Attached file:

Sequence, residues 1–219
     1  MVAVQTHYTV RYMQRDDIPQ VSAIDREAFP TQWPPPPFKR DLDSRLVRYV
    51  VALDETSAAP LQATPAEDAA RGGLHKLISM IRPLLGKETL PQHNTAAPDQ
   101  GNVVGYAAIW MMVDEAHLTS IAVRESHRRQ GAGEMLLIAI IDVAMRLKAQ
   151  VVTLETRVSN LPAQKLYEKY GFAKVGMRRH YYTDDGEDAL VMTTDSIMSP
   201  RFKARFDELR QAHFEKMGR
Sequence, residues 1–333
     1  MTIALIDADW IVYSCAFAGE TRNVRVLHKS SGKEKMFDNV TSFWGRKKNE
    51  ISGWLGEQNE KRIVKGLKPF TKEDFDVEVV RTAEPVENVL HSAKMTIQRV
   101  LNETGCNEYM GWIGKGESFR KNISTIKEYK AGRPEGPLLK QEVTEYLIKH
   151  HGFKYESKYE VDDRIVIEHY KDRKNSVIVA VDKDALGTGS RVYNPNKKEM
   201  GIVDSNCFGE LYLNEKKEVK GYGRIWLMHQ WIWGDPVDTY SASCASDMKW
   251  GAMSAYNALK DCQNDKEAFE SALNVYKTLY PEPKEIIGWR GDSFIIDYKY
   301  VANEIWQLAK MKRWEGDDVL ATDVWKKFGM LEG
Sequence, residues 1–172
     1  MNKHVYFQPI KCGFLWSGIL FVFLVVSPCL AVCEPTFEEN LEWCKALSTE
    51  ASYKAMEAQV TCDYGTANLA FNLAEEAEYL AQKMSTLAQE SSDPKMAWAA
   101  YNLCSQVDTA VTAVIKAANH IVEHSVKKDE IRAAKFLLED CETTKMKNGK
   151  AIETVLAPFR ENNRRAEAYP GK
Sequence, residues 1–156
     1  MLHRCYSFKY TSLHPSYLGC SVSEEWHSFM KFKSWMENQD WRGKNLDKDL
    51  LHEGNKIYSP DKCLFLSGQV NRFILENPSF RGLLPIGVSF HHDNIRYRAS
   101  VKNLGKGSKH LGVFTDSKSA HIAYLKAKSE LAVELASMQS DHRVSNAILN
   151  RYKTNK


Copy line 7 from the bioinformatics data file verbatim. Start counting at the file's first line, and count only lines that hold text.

Sequence, residues 1–333